LPNs Fight Efforts To Phase Them Out - pg.2 | allnurses

LPNs Fight Efforts To Phase Them Out - page 2

Licensed Practical Nurses at one hospital are fighting efforts to have them phased out of direct patient care. The hospital intends to go with a different care model calling for expanded use of RNs... Read More

  1. Visit  MissingMyErica profile page
    17
    Quote from caliotter3
    There is nothing new about this action by the hospital. The nurses in question would better direct their energy and effort toward getting an RN license.
    I totally agree. I just finished RN school because I saw that writing on the wall a loooong time ago! I am only one of two LPN's left in my hospital. All the others were laid off, so thank God I was in school already. I am also starting my BSN right away because I feel like ADN's need to look at the writing on the wall too and realize they are next to go.
    TheChair1, Indigo_Beauty, suiteums, and 14 others like this.
  2. Visit  harlee profile page
    4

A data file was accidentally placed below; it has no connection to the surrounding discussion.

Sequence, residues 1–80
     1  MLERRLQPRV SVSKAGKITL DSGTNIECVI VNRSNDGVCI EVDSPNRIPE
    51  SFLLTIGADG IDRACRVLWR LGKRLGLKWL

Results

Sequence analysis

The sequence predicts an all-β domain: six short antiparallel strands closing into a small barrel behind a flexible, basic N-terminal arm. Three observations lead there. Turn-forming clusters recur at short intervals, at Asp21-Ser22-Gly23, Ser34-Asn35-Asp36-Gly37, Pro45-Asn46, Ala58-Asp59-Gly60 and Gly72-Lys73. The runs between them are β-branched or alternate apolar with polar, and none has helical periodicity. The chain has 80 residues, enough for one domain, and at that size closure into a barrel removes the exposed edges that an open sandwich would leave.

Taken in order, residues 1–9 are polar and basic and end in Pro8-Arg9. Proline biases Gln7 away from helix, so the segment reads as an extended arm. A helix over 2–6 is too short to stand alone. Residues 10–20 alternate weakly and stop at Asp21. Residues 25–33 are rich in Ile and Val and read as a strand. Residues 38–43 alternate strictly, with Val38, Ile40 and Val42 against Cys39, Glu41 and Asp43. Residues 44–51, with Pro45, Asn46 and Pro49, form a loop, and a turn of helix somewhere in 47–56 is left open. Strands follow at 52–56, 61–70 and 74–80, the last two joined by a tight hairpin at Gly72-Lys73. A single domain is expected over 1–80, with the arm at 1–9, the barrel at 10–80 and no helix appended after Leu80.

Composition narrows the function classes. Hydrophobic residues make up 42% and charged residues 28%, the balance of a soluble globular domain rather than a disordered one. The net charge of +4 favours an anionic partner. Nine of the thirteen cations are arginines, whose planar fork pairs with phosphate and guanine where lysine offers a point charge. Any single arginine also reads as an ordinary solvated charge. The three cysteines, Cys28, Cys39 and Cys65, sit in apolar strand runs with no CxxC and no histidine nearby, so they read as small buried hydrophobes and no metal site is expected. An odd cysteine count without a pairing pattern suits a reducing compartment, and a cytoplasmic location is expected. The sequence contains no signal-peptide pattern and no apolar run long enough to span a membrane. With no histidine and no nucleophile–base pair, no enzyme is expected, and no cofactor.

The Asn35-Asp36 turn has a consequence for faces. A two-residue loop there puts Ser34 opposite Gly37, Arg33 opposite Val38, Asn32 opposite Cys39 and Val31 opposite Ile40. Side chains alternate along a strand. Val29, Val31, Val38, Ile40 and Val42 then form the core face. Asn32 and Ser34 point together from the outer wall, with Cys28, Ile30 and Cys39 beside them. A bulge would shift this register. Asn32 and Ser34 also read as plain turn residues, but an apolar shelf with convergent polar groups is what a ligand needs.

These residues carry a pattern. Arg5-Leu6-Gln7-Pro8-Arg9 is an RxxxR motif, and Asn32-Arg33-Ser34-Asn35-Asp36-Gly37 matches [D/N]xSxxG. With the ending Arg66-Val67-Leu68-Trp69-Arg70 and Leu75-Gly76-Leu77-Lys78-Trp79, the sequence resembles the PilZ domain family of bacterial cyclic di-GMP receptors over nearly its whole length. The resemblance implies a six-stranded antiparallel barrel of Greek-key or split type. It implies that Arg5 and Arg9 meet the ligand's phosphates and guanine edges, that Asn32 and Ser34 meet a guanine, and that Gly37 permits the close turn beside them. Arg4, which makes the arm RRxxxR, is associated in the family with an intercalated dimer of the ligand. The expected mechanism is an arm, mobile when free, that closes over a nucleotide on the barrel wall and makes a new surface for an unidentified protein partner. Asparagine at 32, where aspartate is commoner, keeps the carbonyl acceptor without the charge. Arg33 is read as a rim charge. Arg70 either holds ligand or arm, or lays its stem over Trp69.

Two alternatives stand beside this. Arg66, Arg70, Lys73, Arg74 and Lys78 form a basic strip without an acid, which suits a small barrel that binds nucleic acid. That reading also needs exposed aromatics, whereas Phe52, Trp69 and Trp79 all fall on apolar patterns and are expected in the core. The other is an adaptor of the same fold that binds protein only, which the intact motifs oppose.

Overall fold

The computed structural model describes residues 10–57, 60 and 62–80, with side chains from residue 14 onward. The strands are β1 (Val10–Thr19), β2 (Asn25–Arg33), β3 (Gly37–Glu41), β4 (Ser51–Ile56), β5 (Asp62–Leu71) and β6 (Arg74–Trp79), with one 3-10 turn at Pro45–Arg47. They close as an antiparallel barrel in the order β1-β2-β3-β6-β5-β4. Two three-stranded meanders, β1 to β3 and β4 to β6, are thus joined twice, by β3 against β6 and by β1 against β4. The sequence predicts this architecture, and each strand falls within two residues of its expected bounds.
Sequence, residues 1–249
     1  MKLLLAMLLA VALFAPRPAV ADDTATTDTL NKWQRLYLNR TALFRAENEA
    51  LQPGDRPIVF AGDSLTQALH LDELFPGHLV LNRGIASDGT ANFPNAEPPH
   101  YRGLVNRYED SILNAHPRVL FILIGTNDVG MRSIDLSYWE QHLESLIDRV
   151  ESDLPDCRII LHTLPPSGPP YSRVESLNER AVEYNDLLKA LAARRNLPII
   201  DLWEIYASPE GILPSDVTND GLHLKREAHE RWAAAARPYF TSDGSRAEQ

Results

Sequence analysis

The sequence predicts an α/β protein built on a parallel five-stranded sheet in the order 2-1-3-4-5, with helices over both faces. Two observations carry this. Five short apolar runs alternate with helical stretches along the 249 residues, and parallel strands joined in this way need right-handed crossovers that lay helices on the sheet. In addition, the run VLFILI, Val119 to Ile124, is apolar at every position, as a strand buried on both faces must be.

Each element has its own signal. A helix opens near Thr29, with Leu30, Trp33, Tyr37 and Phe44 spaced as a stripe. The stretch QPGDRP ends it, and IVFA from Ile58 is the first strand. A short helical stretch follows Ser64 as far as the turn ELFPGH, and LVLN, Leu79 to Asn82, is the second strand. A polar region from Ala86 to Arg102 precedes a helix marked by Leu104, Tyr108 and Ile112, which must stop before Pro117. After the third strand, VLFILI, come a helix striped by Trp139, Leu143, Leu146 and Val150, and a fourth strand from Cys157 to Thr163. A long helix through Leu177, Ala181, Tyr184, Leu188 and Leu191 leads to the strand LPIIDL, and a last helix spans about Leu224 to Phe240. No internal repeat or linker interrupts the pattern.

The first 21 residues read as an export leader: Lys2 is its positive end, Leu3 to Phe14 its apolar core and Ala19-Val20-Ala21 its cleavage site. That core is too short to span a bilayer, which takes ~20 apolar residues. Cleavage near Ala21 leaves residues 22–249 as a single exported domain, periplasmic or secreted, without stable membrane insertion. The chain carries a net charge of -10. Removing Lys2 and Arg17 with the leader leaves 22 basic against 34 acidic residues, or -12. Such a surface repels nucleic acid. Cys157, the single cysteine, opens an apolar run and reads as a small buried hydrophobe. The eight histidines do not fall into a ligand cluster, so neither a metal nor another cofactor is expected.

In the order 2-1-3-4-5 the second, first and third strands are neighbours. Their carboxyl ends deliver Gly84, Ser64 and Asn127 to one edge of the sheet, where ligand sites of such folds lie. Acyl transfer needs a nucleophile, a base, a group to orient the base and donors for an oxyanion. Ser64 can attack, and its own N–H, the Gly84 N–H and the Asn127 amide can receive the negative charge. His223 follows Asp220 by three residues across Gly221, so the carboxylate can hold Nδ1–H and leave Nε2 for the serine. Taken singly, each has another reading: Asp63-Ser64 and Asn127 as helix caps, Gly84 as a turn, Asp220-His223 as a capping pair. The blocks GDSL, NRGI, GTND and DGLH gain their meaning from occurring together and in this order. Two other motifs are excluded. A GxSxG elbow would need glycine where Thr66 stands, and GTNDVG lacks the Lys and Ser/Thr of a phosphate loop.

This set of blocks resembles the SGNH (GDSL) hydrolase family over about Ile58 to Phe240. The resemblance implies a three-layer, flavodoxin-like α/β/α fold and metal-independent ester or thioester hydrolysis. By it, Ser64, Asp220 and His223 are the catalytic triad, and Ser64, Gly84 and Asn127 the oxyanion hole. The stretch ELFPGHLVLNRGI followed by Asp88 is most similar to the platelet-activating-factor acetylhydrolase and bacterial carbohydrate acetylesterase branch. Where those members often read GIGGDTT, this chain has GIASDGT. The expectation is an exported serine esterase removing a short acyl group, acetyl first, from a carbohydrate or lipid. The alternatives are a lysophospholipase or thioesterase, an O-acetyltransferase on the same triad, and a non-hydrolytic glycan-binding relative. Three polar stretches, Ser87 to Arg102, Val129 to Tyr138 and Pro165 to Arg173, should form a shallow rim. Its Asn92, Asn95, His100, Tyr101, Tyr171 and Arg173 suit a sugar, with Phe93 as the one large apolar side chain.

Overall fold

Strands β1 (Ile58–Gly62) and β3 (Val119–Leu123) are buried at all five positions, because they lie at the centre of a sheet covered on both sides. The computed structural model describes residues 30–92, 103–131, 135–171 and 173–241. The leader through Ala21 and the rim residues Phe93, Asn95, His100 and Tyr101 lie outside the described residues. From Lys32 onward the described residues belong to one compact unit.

I've been an LPN for 2 1/2 years. I currently work in Home Health Care and must say I absolutely love it. My company just recently hired an RN to work at the home I'm at. There were plenty of hours to go around. Enough hours that we each could have 55 hours per week. I've been working about 60 hours per week for quite some time. No complaints from me, not a real physically challenging position. With that being said... I really resent the fact that since the RN was hired, she now works my 60 hours and I have been cut back to 38 hours per week!! When asked why????? Because she is an RN and you are not. Yes, I was truly told that. So my bosses answer was, GO GET YOUR RN LICENSE!!! The really funny part of this story... I had to train her at the patients home. I had to show her that when measuring liquid medicine, that you need to set it on a flat surface because "you are holding the cup in such a way that it looks like you put 5mls in but it's actually 10mls!!!" and then argued with me about it. Also had to show this RN how to prime a Enteral Feeding pump. "What job did you work at before here, I ask?" "Oh, I worked at _______ Hospital for 2 years!"